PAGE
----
This media/social media shit-disturbing has led us to a place of instant animosity, when ironically we tend to agree on many things. People care about the environment. People care about poverty. People care about racism and homelessness and discrimination.
But their back gets up instantly when a known provocateur from the “opposing political camp” makes a statement about any of these things, because we’ve taken the public media stream of nonsense and put them in a bucket from which everything is evil.
We need a new axis. The old left-right one is ridiculous. Consider this: I get a daily news blast of something called Popular Resistance, a compendium of strong socialist-oriented news feeds from around the world. They make no bones, they are socialists. Yet here are two headlines from today’s feed: “The Sickness of the American Left and the Path to Recovery”, and, “Ridiculous Right-Wing Grifters Cash in Posing as ‘Patriotic Socialists’ “.
We also see the “fringe far-right” standing up for the working class, at the same time the “ruling elite” are now firmly to the left of the spectrum.
This crap is destroying our energy – our positive energy humanistically speaking, and our physical energy flows as we get caught up in a ridiculous political cat-fight over reducing emissions. We all want to reduce emissions. We all want a good standard of living. It will take every ounce of ingenuity to accomplish either of those for the entire world, and massive collaboration to make progress on both.
Yet we are lost in a wilderness of politics and media-raging and hatred for the “other”. The pathetic part is that in the right setting, much progress could be made face to face, live, at the human level.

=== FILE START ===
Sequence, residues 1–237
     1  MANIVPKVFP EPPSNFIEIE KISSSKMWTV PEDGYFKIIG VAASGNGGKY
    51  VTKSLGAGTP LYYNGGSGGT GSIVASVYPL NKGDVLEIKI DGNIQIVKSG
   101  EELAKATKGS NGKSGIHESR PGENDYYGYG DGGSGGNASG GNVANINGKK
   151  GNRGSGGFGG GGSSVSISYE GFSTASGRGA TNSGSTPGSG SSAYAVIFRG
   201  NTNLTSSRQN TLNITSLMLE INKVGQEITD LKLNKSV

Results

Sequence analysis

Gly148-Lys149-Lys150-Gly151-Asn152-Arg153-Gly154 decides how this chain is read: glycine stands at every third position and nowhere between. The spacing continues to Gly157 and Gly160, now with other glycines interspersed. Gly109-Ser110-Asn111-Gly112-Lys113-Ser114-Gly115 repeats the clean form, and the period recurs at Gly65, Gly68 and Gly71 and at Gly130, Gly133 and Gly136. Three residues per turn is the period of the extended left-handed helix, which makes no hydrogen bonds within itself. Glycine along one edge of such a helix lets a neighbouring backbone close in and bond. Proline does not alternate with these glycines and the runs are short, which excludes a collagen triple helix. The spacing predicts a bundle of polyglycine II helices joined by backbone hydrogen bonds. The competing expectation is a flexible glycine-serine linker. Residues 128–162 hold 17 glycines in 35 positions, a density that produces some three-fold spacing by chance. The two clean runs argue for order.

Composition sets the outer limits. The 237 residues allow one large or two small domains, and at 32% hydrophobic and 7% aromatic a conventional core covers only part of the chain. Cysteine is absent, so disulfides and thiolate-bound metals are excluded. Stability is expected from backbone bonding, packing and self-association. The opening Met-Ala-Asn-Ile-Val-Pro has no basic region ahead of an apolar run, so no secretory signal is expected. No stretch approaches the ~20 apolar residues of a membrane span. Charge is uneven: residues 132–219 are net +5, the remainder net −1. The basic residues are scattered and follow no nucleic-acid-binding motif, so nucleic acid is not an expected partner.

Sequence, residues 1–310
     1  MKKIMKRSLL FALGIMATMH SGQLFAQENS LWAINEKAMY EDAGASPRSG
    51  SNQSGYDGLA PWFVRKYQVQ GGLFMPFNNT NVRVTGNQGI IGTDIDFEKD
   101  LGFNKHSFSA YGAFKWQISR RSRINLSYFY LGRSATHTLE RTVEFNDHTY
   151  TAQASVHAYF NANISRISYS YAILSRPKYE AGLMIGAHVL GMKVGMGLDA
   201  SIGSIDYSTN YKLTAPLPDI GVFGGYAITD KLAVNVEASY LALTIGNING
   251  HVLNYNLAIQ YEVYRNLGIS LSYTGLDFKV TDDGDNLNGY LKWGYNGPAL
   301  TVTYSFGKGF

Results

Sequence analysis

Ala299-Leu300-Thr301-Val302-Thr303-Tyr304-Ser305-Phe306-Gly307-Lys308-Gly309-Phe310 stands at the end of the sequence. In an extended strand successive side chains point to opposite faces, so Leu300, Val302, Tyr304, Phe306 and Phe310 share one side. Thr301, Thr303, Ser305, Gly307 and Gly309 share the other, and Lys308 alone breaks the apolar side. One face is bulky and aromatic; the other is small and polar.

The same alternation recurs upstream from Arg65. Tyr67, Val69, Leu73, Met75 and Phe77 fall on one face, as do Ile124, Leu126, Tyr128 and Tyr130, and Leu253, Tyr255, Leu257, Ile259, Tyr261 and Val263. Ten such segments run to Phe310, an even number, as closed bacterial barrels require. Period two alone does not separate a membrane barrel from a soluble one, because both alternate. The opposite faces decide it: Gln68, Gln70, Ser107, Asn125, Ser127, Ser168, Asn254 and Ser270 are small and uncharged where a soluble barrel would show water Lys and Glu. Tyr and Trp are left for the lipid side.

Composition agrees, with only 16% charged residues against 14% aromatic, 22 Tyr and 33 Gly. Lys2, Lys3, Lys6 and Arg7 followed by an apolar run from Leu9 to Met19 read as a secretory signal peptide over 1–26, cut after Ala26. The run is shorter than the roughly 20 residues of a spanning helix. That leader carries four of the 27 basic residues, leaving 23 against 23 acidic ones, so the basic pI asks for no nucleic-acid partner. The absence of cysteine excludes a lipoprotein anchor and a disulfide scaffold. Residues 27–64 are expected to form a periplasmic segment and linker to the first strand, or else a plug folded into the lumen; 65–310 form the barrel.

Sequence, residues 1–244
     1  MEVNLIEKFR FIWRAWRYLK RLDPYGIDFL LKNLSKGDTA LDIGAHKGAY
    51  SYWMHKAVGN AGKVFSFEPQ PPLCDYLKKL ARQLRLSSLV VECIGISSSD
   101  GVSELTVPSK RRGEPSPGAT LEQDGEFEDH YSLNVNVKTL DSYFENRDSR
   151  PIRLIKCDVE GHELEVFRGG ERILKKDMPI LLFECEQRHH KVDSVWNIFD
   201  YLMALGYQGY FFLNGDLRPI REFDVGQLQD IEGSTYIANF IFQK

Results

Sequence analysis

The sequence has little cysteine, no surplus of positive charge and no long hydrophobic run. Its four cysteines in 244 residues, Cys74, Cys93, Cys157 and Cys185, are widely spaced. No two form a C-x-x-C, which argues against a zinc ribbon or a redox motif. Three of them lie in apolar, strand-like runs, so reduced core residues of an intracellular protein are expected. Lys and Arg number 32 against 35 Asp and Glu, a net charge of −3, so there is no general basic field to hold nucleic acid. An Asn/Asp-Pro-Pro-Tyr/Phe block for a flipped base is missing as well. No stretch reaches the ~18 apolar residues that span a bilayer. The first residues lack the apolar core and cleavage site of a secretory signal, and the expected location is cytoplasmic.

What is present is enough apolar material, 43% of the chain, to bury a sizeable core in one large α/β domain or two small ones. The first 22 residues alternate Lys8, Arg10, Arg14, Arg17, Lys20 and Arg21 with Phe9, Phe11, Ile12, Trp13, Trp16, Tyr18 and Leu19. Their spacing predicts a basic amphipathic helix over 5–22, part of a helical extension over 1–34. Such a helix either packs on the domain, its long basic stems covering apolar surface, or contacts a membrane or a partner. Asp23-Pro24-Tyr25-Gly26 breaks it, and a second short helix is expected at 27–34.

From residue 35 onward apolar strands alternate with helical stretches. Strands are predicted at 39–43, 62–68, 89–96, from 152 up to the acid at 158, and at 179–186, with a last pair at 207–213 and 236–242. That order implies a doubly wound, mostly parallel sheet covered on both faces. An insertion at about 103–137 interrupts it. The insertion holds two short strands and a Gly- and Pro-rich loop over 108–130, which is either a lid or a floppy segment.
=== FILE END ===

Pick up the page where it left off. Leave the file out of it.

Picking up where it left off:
We need a new axis. Fast.
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People who like racism aren’t marginalised. Pro-white racism is marginalised, anti-white racism is just standard progressive culture at present.
It’s so ingrained that ‘racism’ to a lot of people now only means pro-white racism. Anti white racism doesn’t even have a name, it’s simply the water in which the progressive swims.
In the end it’s all a means to power, the left’s tactic is to liberate the energy of racism to fuel it’s conquest of our culture, while simultaneously preventing the opposition from doing the same. It would be a neat trick if it wasn’t so horrifyingly destructive.
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Well said. That point gets totally lost. I was thinking of racism in the classical sense, when words had concrete meanings, but you are right the distortion now dominates
I’ve always been bothered by the use of and poor definition of “right wing”. Other than in today’s politicized lexicon of synonymous with evil, it is increasingly meaningless. The use of the two dimensional matrix with civil and economic liberty as the axes is much more descriptive. The low point quadrant of the matrix is inhabited by Communism which is flanked by socialism and fascism, all variants of statism. The opposing quadrant is where you would find libertarians, generally not considered “right wing”. Political battles are fought in the crowded zone in the middle where the overlap of all four exist. Given the present regulatory over-reach of, well, everything, whatever is not explicitly socialist is implicitly fascist (nominally private enterprise under the thumb of the state). Capitalism, if recognizable, is a mere legacy or lurking in the underground economy.